Galatians 3:15-18

Each verse provides a distinct argument or point in the analogy:

Verse 15—Here Paul establishes the illustration based on the nature of a diath¢¡k¢, stating that he is relating this katá ánthrœpon (“according to man”, i.e. a human way of speaking), that is, as an analogy from ordinary daily life. The word diath¢¡k¢ in Greek literally means something “set through (in order)”, often in the technical sense of a will/testament; even in English idiom, someone planning for death might “set his/her affairs in order”, by preparing a last will, etc. It is in this sense that Paul uses the word here, along with three technical verbs: (1) kuróœ, “establish the authority (of something)”, i.e. “confirm, validate, ratify”; (2) athetéœ, “unset, set aside”, i.e. “invalidate, (dis)annul”; and (3) epidiatássomai, “arrange/set in order upon (something)”, i.e. “appoint or establish in addition, as a supplement”. A testament which has been validated, cannot simply be set aside or have additions made to it without proper authority. In other words, a valid agreement or contract remains intact and binding. The word diath¢¡k¢ can also mean an “agreement” in the more basic sense, and, as such is typically used to translate b®rî¾ (“binding [agreement]”, i.e. “covenant”) in Hebrew.

Verse 16—Paul engages in a bit of clever (and seemingly superficial) wordplay, as the word indicating Abraham’s offspring/descendants (plural) is, in both Hebrew and Greek, singular (“seed”, Grk spérma). The argument appears to be facetious, for clearly “seed” is a collective, referring to Abraham’s future descendants together, and yet Paul takes it hyper-literally, in order to make a particular point:

“…he does not say ‘and to (your) seeds‘, as upon many, but (rather) as upon one, ‘and to your seed‘, which is (the) Anointed {Christ}”

This is Paul’s way of demonstrating that the promise comes to all people (believers) through Christ. At the spiritual level, it is certainly true as well, in the sense that, as believers, we are a single people—Abraham’s (spiritual) descendants together—in union with Christ (cf. the declaration in 3:26-29, below).

Verse 17—Here he returns to the illustration of the testament (diath¢¡k¢) from v. 15, applying it to God’s promise to Abraham, as contrasted with the Law; it may be paraphrased thus:

The Law (Torah) cannot invalidate the Promise, which God made 430 years prior, so as to make it cease working or be of no effect.

This argument, while historically correct, generally contradicts the understanding of Jewish tradition, whereby Abraham and his descendants were already observing the the Torah commands (i.e. they were already in force) before the Torah was revealed to Moses and recorded by him—as variously explained in Jubilees 21:10; Philo On Abraham §275; Mekilta on Exod 20:18; Genesis Rabbah 44 (27d), 61 (38f); cf. Strack-Billerbeck 3.204-26 and Betz, Galatians, p. 158-9. Paul, of course, emphasizes that Abraham’s righteousness was not the result of observing the Law, but was due to his faith in God (concerning the promise). There are three strands to Paul’s argument:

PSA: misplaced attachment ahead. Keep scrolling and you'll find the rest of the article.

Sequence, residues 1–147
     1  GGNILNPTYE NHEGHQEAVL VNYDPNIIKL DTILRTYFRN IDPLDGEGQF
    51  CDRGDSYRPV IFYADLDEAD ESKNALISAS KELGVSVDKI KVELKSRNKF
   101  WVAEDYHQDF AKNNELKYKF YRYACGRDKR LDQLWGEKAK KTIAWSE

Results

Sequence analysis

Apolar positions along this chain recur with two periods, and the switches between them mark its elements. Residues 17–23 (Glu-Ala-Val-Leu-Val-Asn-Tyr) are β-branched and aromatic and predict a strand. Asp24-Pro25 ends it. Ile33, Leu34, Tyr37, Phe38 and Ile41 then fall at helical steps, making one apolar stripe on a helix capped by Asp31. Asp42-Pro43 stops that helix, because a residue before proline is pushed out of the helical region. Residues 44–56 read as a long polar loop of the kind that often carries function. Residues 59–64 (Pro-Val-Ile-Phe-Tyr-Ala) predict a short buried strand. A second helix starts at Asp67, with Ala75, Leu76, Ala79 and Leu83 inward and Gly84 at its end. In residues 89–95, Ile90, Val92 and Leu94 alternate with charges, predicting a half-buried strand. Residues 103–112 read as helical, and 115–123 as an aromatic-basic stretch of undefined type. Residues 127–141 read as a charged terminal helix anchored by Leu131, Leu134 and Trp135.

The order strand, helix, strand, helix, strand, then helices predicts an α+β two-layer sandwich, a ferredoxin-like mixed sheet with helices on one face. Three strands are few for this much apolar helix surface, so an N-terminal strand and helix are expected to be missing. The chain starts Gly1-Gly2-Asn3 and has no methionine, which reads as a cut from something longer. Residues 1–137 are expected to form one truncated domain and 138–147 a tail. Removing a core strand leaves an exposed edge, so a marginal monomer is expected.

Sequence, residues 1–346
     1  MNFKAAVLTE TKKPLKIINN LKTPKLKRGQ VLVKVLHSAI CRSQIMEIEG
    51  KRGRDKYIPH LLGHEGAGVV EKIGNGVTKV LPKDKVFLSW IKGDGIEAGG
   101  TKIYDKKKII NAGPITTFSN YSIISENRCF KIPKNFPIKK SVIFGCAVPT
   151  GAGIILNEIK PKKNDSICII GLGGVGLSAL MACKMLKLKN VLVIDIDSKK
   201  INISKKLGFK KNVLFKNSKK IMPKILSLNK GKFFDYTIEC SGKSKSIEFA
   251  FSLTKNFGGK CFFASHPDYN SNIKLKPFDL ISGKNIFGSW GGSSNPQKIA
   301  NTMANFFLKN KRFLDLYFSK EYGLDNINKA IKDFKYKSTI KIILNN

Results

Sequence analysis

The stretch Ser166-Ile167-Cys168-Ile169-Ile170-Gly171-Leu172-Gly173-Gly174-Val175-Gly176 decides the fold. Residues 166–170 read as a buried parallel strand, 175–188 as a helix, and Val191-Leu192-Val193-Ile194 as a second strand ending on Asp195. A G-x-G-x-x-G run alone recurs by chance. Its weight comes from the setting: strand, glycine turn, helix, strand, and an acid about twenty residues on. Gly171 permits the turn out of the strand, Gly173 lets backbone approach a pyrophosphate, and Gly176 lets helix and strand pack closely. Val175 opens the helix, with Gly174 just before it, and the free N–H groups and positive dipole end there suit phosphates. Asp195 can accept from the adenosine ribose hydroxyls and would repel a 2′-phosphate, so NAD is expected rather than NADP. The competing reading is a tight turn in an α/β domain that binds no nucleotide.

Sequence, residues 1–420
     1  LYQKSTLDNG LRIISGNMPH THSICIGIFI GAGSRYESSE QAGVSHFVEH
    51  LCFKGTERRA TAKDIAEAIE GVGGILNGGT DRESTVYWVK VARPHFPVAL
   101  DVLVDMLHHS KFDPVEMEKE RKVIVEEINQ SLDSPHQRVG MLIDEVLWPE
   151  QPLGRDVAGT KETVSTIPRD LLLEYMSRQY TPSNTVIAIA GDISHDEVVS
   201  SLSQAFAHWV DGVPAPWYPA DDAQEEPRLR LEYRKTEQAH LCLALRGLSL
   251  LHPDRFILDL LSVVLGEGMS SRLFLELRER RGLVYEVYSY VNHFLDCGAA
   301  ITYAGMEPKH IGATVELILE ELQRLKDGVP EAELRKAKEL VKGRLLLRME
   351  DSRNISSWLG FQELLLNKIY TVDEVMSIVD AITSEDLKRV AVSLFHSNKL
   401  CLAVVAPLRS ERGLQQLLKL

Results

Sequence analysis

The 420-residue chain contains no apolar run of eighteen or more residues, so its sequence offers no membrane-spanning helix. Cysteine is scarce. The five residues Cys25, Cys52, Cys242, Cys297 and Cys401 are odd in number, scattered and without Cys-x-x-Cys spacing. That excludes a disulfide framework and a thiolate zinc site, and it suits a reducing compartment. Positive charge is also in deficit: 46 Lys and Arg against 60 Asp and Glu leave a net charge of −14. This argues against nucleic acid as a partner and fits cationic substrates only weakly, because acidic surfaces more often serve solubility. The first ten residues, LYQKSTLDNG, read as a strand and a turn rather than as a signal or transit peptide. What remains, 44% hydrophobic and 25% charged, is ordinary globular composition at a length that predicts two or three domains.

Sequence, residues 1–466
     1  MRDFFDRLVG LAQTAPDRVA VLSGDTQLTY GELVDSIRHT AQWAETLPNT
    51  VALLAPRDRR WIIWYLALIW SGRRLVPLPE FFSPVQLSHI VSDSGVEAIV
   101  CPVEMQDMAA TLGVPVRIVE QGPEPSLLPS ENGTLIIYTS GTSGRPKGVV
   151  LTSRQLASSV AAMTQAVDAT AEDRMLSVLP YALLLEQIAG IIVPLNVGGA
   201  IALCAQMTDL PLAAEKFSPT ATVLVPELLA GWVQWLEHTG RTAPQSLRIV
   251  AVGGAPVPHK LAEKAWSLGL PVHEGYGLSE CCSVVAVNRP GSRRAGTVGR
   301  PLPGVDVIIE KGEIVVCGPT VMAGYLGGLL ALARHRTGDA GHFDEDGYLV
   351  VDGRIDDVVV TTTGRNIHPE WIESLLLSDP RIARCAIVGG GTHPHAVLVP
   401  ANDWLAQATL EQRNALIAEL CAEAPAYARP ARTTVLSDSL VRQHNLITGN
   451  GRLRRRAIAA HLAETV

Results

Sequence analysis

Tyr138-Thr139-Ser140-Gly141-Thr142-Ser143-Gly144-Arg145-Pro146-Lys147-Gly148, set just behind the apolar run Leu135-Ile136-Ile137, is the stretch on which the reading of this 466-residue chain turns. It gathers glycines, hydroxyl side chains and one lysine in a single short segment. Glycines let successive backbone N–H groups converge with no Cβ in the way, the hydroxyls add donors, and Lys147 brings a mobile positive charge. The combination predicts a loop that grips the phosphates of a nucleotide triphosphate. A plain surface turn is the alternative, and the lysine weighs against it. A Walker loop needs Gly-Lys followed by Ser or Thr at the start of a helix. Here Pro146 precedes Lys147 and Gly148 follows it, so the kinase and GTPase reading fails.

• The promise of God (and Abraham’s trust/faith in it) occurred prior to the Law
    • The Law cannot invalidate the promise
    • The Law does not add anything to the promise

In other words, the promise is entirely separate from the Law.

Verse 18—Paul introduces here the idea of inheritance (kl¢ronomía, specifically a “lot” which is partitioned out), tying it to the promise:

“For if the lot (one receives) is out of [i.e. from] (the) Law, it is no longer out of [i.e. from] a promise; but God granted (it) to Abraham as a favor through a promise.”

The separation between promise and Law extends to the very nature and character of a promise—it is given as a favor. The verb charízomai, used here, refers to giving/granting something as a favor, and is related to the noun cháris (“favor” or “gift, grace”). The theme of the grace of God is not as prominent in Galatians as in Romans (cf. Gal 1:6, 15; 2:9, 21; and esp. 5:4), but it is more or less implied in the idea of the blessing and promise given by God to Abraham. Inheritance is closely connected with sonship, and will be an important part of the arguments in chapter 4.

Galatians 3:26-29

This is Paul’s concluding declaration (to the Galatians) that the promise comes through Jesus Christ, and, in particular, through faith/trust in him. It can be divided as follows:

    • V. 26: Sonship through faith— “For you all are sons of God through trust in (the) Anointed Yeshua”
      • V. 27-28: Religious identity in Christ (oneness/unity of believers)—Baptismal formula
    • V. 29: Inheritance through promise— “And if you (are) of (the) Anointed, then you are Abraham’s seed, (one)s receiving the lot [i.e. heirs] according to (the) promise”

In typical Pauline fashion, a Christological statement is central, embedded within the theological/doctrinal declaration, verses 27-28 referring to baptism, and probably reflecting an early baptismal formula (see 1 Cor 12:13 and Col 3:11). The twin statements in vv. 26, 29 provide the conceptual framework: